Getting justice in India has always been a slow-motion process. In a freewheeling chat, Union Law Minister M Veerappa Moily tells Brijesh Pandey how change is in the air.
One of Indian judiciary’s biggest banes is the time taken to clear cases. How do you plan to speed up the process?
That’s why I’ve undertaken several reform measures. When these come into effect, no case will go beyond three years. We have come out with a National Litigation Policy and a State Litigation Policy. We have to get out of the ‘let the court decide’ mentality. Government litigation takes up a big chunk of our judicial process. We have to reduce this. We want to make the government a more responsive and efficient litigant. The idea is to review the litigation, whether it is worth continuing or not. With this change in policy, the number of cases will ultimately come down.
What about the criminal justice system?
We are giving it a lot of importance. There will be a prioritisation of cases and it will be divided into simple and serious cases. The former will be disposed faster.
How do you plan to make the judiciary function effectively?
We are setting up an additional 5,000 courts. They will work as subordinate ones under district courts. In each of the district court, we are introducing a new management system. Sixty percent of the work done by judicial officers will be taken over by managers so that the former can concentrate on judicial matters. We are also training judges and lawyers in the art of case management. We have allocated Rs.5,000 crore to Lok Adalats and Mega Lok Adalats under the 13th Finance Commission.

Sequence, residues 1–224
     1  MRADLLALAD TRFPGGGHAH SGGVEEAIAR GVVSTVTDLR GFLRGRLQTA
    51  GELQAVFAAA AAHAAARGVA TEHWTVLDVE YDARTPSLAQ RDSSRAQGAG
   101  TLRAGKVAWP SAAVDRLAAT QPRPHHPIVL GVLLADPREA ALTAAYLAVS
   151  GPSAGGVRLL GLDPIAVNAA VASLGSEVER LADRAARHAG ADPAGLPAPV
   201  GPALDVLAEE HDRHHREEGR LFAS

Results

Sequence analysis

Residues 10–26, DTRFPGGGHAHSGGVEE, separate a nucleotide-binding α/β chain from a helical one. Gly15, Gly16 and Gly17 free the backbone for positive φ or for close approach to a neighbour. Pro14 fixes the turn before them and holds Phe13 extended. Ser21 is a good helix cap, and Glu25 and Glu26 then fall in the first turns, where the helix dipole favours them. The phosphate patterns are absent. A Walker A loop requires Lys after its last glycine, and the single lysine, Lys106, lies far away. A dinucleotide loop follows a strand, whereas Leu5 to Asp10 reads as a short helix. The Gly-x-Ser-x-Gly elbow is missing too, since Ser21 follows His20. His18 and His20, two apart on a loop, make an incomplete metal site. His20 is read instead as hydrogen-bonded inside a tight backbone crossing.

What about the Judicial Standards and Accountability Bill?
The Lok Sabha has referred the Bill to a Standing Committee. The Bill incorporates a mechanism for inquiring into complaints against high court and Supreme Court judges. Strict action will be taken against frivolous petitioners, who will punished with rigorous imprisonment.
The judiciary does not seem to attract new talent and there are many vacancies in both lower and high courts.
We are working on a quick system to fill the vacancies but we can’t sacrifice merit. We can’t appoint all sorts of judges. That’s why the Judicial Accountability Bill counts. We would get the best judges, ones with integrity. Once that happens, things will be smoother. Other than this, we are thinking of setting up a National Judicial Service on the lines of the IAS. Young people will be hired as district judges. Twenty-five percent of the total requirement is for district judges. I’m also working on a programme called the Indian Legal Service, which will draft laws at the Centre and state levels.
The plight of undertrials was another issue you targeted. How did you tackle it?
There are many undertrials who should not be in jail. Most of them are poor. Because they don’t have the money to get bail, they are languishing in jail. I launched a programme on 26 January 2010 and I can proudly say that as on 20 December, 4.25 lakh undertrial cases have been solved. It is a marvellous achievement. This proves our judiciary can be responsive.
Of late, the Indian judiciary has been in the spotlight. Graft cases involving top judges are coming out in the open. The UPA2 is also having a tough time in courts over appointments and the stance it has taken on several issues. How do you intend to deal with it?
Just because the courts are transparent, each and every discussion in the courtroom should not be made public. There should be restraint on the part of the media. Mediapersons should also be trained on what to report and what not to. At times, they report off-the-cuff remarks. Normally, the judge will ask probing questions, and the defendants will give provocative answers. That’s normal. Searching questions cannot be taken as censure against the government. Unfortunately, each court trial is accompanied by a media trial. That should not happen.